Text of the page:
Violating rights under the pretext of Covid-19
Against the backdrop of the Covid crisis, United States President Joe Biden initiated a motion to waive patent protection for vaccines worldwide. The measure is supposed to help impoverished societies gain access to vaccines. As much as this approach might, at first glance, seem generous and social-minded, a closer analysis shows it is counterproductive and even dangerous. Vaccine shortages are not caused by limitations related to patent protection. The problem stems from insufficient production capacities and poor logistics in certain parts of the world. And poorer countries are already getting vaccines at low prices thanks to mechanisms created by manufacturers and sponsoring; waiving vaccine patent rights will in no way improve the situation of people in such countries.
The U.S. president’s waiver move might have another aim: to create a precedent that would eventually allow the dismantling of patent protection for medical products in general. We know that this has been a goal of socialist and globalist movements for some time. The Biden administration may want to use the pandemic to advance this agenda or, at best, is allowing itself to be manipulated. Its officials should know that the long-term effect of removing patent rights would discourage further research. Such counterproductive policies can only be rooted in ill-founded, principalist ideological reasons, eroding all individual property rights.
That is not the first untoward development in the chaotic coronavirus saga. The pandemic has not only been mismanaged but also misused. Governments expanded their powers and furthered policies detrimental to civil liberties. The arbitrary lockdowns, the outsourcing of public officials’ responsibilities to virologists and the curbing of public debate (at least in Europe) on the soundness of the measures taken all amount to an ominous power grab. Scientists who disagreed with official prescriptions were quickly silenced or marginalized.
Governments have also expanded their already outsized role in the economy through enormous spending programs, going far beyond what was needed to mitigate the pandemic’s damage. And now it looks like President Biden may want to limit individual and corporate intellectual property rights under the pretext of fighting the coronavirus.
As much as one could excuse wrongheaded policies in the first weeks of the pandemic – because governments acted based on incomplete and often erroneous information – their continuing insistence on lockdowns appears odd. We know the enormous collateral damage these measures inflict on personal rights. The draconian restrictions hurt businesses big and small and caused immense psychological damage across the population – from the loneliness of the old to the impaired development of small children in isolation. The World Health Organization just released news that obesity among children increased dramatically because they have been kept at home.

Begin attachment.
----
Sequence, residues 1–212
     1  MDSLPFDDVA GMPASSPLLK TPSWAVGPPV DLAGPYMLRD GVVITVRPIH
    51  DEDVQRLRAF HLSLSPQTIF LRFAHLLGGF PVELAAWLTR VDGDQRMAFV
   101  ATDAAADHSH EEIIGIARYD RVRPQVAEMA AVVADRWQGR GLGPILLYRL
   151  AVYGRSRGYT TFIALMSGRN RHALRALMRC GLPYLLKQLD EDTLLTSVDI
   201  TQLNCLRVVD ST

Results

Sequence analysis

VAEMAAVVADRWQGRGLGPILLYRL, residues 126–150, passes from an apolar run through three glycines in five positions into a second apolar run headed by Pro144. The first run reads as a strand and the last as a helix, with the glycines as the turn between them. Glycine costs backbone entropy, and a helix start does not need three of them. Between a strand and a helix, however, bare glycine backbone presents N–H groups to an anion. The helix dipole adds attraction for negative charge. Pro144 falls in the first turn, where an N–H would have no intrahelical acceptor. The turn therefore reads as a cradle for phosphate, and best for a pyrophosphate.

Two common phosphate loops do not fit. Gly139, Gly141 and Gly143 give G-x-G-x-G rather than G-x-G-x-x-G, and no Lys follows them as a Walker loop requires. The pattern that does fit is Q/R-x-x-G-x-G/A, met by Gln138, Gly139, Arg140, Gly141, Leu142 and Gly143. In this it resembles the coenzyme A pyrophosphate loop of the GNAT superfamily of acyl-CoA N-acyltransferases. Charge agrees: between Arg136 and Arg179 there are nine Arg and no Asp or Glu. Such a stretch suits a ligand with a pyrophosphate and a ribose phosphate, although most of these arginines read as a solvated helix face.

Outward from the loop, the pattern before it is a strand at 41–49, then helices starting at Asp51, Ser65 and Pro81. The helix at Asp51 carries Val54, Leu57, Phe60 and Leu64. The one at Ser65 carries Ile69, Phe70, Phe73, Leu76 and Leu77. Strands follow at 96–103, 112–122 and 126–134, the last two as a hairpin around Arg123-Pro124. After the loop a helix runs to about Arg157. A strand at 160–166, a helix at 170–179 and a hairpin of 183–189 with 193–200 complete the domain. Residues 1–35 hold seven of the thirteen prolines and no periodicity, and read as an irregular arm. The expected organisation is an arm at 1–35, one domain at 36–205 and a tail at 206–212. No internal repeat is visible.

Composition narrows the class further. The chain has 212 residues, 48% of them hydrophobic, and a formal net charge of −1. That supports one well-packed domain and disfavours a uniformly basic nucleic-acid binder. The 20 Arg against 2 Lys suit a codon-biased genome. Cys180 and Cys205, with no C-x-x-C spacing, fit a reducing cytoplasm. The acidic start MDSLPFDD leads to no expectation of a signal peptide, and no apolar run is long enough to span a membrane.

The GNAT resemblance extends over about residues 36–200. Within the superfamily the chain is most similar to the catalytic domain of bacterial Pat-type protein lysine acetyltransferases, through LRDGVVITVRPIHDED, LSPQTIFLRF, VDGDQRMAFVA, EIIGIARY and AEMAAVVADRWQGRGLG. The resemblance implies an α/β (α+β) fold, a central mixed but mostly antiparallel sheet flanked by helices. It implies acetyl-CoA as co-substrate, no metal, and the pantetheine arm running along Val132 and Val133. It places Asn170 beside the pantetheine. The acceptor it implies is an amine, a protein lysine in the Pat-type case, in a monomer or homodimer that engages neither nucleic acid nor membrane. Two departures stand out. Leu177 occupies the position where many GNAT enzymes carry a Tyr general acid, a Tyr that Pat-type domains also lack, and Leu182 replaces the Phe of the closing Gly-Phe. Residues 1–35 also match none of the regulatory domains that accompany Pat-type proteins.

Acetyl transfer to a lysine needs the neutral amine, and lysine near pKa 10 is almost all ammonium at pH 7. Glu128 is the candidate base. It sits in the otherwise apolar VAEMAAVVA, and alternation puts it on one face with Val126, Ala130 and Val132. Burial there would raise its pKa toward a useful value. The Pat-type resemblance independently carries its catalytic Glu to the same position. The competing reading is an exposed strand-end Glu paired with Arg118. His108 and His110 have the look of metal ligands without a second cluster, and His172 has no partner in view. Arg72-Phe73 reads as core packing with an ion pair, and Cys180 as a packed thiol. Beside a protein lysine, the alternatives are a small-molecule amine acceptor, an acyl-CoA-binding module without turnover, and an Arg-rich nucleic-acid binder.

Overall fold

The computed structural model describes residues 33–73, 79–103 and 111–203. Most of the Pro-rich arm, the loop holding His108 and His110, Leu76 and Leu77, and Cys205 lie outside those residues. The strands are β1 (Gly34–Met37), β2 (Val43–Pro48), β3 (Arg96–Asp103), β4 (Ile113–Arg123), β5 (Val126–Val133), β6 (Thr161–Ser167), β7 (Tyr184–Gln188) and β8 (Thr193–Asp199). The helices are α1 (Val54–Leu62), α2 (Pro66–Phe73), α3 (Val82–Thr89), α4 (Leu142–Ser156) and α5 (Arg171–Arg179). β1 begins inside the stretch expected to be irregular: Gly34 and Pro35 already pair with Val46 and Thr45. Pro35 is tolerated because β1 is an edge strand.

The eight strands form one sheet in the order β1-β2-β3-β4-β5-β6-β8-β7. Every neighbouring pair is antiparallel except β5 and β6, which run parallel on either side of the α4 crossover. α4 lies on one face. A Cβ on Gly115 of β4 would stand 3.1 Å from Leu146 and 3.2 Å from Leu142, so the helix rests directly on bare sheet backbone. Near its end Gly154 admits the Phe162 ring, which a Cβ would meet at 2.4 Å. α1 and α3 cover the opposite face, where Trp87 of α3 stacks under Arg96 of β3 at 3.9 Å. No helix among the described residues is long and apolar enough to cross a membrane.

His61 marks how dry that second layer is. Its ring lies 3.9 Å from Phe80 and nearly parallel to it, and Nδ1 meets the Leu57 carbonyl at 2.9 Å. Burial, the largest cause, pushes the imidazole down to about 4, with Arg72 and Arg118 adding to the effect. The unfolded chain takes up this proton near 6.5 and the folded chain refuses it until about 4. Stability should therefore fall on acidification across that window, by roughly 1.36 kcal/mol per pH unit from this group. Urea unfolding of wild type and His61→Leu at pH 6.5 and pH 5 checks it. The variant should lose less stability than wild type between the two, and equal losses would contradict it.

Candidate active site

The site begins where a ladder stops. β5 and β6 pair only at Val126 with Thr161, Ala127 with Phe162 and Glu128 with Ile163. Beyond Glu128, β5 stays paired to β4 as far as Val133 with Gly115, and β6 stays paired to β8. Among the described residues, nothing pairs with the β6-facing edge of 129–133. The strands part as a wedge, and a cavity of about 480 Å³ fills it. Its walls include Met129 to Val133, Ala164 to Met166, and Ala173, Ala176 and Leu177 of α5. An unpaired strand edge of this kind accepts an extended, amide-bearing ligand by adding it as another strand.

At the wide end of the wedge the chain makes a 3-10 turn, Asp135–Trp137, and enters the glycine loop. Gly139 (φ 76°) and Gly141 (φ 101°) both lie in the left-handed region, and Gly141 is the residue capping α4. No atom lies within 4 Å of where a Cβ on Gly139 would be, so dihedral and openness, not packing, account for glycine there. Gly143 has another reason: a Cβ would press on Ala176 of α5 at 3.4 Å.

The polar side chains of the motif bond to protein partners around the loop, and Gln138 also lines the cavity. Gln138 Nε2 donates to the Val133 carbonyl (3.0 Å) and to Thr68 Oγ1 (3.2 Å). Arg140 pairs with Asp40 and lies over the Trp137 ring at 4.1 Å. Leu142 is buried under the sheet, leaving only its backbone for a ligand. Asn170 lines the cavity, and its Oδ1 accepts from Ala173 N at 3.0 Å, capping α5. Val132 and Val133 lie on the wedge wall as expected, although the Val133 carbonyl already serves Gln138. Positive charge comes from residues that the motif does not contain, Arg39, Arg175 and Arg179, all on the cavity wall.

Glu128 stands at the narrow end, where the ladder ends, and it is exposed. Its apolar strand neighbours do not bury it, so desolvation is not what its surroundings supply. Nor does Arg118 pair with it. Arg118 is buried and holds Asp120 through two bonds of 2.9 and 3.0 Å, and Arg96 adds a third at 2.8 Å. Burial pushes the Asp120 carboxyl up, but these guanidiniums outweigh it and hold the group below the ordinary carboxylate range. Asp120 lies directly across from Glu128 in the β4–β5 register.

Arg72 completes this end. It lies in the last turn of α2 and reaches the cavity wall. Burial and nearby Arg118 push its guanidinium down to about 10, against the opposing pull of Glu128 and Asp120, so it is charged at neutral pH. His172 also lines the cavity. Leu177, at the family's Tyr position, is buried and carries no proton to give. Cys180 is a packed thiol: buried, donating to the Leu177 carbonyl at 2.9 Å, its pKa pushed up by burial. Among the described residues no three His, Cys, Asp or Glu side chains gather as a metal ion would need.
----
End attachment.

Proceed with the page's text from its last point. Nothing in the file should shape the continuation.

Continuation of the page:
Oddly, governments provided no incentives for developing preventive measures. It has been known for quite some time that the best protection against disease is a healthy population and a lifestyle that naturally strengthens the immune system. The lockdown had the opposite effect. Anxiety and fear undermine the immune system, while physical exercise and good nutrition reinforce it. Locking individuals and families at homes for weeks and months was physically and psychologically counterproductive.
Vaccine procurement and logistics failed in most European countries and Brussels mismanaged it as well. Technocracy and large, unwieldy, overregulated systems are of little help when tackling emergencies.
While state administrations were increasing their influence and power at the expense of fundamental civil rights, they missed a tremendous opportunity to motivate citizens to adopt a healthier lifestyle so as to become more resilient to this pandemic and those to come. Instead, official communications were chock-full of prohibitions, and the media concentrated on spreading panic. Experts suggesting ways to boost health and immunity were crowded out.